In accordance with the invention, the gas container 6 is regulated so any surplus fresh gas is sent to it. The gas container 6 therefore will fill with fresh gas during ongoing inspiration, which was not possible in conventional devices. The pressure can be maintained when the first valve 16 and the volume regulator 18 are controlled so the influx of gas into the container 6 occurs in a way enabling pressure to be maintained in respect to the patient 4.
If the gas container 6 becomes full, inspiration moves into a third phase in which surplus gas is carried via the second valve 22 through the evacuation line 20 to a gas evacuation unit. If this third phase occurs too frequently, it is a sign that the flow of fresh gas is excessive. Information to this effect then can be shown on a display with a recommendation as to a reduction in the flow. Alternatively, the flow of fresh gas can be reduced automatically.
If the flow into the patient 4 should suddenly exceed the flow of fresh gas during the second or third phase, the anaesthetic machine 2 reverts to the first phase and supplies requisite gas from the gas container 6.
A system with a low total consumption of gas and a minimal compressible volume in the gas flow system can be achieved by adapting the pre-set parameters in the proper fashion.
In instances in which the fresh gas system 24 is only intended to supply a continuous and constant flow of gas, the fresh gas system 24 does not need to be controlled by the control unit 28. The fresh gas system 24 then can be completely manual.
The above description also applies to volume-control and other operating modes.
FIG. 2 shows part of a second embodiment of the anaesthetic machine according to the invention, i.e. a gas container in the form of a bellows 32 arranged inside a gas-tight enclosure 34. The interior of the bellows 32 is connected to the gas line 36 via a first valve 38. The gas line 36 can be an inspiratory line or an expiratory line.
A volume regulator 40 is connected to the enclosure 34 in order to affect the pressure of the gas inside the bellows 32. The volume regulator 40 can be in the form of e.g. an adjustable source of gas.
An evacuation system 42 is connected to the container 34 via a second valve 44, and the gas line 36 is connected to the evacuation system 42 via a third valve 46.
During the first phase of inspiration, as described above, gas at a specific pressure is fed into the enclosure 34 in order to compress the bellows 32. The first valve 38 is open, and a flow of gas is accordingly sent to the gas line 36.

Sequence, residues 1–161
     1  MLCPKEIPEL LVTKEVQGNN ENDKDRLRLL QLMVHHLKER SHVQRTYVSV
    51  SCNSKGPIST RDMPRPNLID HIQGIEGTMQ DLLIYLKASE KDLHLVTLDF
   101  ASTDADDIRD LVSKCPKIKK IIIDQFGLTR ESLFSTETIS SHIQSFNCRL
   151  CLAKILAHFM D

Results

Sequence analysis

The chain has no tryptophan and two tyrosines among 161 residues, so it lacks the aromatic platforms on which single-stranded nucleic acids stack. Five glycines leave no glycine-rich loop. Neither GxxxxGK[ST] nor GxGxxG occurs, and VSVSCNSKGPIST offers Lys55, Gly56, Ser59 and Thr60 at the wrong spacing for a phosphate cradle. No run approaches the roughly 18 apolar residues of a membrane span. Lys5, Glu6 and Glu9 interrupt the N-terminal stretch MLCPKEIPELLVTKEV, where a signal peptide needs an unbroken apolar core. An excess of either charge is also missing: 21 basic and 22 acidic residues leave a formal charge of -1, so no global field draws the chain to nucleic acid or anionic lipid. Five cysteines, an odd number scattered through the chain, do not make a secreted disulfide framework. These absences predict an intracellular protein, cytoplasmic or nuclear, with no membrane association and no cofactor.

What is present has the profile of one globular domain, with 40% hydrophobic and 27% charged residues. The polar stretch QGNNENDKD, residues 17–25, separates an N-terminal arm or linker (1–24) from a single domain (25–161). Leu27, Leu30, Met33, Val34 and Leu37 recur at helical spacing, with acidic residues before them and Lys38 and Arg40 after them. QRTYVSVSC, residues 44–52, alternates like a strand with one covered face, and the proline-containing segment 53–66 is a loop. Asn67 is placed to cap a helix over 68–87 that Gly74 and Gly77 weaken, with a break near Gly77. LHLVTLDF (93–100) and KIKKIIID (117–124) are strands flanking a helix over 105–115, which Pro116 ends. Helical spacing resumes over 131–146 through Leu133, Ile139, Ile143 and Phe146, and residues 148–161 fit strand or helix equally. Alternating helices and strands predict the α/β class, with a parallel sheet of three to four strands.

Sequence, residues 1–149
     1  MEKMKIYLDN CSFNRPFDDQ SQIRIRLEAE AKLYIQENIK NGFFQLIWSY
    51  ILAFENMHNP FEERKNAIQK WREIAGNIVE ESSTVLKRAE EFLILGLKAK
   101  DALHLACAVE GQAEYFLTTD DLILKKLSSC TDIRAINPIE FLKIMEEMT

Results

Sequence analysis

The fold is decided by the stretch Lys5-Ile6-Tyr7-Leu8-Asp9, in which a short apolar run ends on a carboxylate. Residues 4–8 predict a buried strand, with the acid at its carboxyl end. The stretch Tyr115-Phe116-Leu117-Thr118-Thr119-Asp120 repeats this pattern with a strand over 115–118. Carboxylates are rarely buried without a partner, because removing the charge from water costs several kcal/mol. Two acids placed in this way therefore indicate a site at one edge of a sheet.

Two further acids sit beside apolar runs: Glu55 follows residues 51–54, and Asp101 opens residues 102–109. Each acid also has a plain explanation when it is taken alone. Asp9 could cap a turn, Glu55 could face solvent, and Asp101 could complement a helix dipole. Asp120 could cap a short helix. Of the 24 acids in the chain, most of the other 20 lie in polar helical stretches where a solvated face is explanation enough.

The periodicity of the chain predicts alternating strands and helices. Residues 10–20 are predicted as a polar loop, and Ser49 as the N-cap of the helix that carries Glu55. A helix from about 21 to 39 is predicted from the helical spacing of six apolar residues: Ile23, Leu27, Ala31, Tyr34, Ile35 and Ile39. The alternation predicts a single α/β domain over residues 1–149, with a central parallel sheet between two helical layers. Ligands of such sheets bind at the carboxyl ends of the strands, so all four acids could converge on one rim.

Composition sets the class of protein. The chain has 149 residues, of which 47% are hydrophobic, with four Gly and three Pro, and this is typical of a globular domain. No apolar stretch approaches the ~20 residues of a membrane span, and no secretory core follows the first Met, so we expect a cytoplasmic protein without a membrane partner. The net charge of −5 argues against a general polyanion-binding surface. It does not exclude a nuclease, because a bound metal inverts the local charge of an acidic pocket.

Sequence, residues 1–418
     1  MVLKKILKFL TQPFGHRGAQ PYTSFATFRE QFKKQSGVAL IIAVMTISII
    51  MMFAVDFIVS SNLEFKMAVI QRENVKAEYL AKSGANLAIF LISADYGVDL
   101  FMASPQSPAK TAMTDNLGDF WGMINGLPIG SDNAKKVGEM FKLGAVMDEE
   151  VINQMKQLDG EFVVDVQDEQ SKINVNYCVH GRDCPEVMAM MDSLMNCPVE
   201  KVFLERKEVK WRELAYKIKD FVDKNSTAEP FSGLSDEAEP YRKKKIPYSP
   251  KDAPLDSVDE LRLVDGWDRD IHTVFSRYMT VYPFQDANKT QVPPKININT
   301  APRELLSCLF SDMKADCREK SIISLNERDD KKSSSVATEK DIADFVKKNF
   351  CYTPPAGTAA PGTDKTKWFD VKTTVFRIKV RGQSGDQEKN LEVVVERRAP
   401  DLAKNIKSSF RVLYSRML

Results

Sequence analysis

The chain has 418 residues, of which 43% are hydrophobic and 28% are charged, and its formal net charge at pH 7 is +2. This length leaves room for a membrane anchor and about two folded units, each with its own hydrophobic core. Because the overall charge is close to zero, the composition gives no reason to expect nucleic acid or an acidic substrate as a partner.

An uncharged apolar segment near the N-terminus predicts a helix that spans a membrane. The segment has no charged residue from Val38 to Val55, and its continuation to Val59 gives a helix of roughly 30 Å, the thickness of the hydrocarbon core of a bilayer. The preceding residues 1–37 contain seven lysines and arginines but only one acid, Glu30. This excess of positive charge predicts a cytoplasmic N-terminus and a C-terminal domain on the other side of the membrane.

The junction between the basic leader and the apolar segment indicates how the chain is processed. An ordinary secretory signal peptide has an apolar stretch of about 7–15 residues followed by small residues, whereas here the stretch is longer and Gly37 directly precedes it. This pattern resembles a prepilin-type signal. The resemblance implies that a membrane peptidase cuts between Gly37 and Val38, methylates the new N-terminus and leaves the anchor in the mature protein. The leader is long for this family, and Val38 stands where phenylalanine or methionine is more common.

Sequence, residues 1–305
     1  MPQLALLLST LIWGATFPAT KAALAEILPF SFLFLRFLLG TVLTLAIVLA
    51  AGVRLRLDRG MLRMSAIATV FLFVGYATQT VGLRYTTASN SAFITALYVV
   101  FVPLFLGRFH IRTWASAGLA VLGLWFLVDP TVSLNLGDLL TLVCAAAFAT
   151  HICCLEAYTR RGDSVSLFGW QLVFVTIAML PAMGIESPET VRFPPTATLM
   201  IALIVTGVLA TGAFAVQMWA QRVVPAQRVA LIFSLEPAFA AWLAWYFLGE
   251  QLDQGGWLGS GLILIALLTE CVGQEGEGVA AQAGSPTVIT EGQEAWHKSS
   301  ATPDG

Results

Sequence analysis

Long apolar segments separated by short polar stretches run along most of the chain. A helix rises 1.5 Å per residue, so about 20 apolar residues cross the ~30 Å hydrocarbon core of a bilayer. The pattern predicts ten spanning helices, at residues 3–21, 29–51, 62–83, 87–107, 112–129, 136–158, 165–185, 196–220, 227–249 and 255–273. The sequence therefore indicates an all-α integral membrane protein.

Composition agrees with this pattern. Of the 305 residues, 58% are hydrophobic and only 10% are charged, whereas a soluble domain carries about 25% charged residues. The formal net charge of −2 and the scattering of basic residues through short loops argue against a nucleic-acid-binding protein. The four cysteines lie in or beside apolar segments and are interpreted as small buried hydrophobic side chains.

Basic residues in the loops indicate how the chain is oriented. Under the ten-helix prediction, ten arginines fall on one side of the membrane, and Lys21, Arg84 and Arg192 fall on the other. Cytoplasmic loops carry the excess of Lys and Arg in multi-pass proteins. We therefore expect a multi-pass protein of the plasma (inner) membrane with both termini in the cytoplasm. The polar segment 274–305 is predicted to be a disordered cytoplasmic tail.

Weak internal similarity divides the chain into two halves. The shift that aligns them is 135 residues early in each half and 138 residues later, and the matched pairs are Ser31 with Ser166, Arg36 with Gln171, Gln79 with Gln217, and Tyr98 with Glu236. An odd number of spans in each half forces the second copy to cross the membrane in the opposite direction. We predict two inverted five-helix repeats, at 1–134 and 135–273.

During the second phase, gas supplied by the volume regulator 40 is cut off. The first valve 38 is closed at the same time as the second valve 44 is opened to allow the passage of gas from the container 34 to the evacuation system 42. The second valve 44 can then be regulated to keep the drop in pressure in the container 34 from becoming excessive. This is to enable rapid re-delivery of gas from the bellows 32.
If the gas line 36 contains a surplus of fresh gas, the first valve 38 is regulated so the surplus is fed into the bellows 32. The bellows 32 is able to expand, since pressure on its exterior (inside the enclosure 34) has been reduced. Alternately, the second valve 44 can be regulated at the same time as the first valve 38 to make sure the surplus is fed into the bellows 32.
If the third phase becomes necessary, the first valve 38 is closed and the third valve 46 is opened to pass surplus gas straight into the evacuation system 42.
The anaesthetic machine according to the invention has been described for two embodiments, however, the inventive concept is applicable to virtually all known anaesthetic machines, after requisite modification for maintaining inspiration with a flow of fresh gas alone.
This could occur when the gas container is empty or when the need for flow in the gas flow system is met by the flow of fresh gas.
Although modifications and changes may be suggested by those skilled in the art, it is the intention of the inventor to embody within the patent warranted hereon all changes and modifications as reasonably and properly come within the scope of his contribution to the art.
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|U.S. Classification||128/203.28, 128/205.13, 128/205.14, 128/205.24, 128/203.12, 128/204.28, 128/203.14|
|International Classification||A61M16/00, A61M16/01|
|Cooperative Classification||A61M16/0081, A61M16/0075, A61M16/01|
|Feb 1, 2000||AS||Assignment|
|Jan 11, 2001||AS||Assignment|
|Jan 5, 2004||AS||Assignment|
|Aug 12, 2005||FPAY||Fee payment|
Year of fee payment: 4
|Aug 3, 2009||FPAY||Fee payment|
Year of fee payment: 8
|Aug 8, 2013||FPAY||Fee payment|
Year of fee payment: 12